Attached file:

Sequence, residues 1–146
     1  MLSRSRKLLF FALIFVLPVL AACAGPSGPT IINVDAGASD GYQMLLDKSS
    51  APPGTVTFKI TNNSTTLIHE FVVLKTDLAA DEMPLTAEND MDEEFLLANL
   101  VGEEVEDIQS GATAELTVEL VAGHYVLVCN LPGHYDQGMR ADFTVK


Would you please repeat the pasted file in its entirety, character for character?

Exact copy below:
Sequence, residues 1–146
     1  MLSRSRKLLF FALIFVLPVL AACAGPSGPT IINVDAGASD GYQMLLDKSS
    51  APPGTVTFKI TNNSTTLIHE FVVLKTDLAA DEMPLTAEND MDEEFLLANL
   101  VGEEVEDIQS GATAELTVEL VAGHYVLVCN LPGHYDQGMR ADFTVK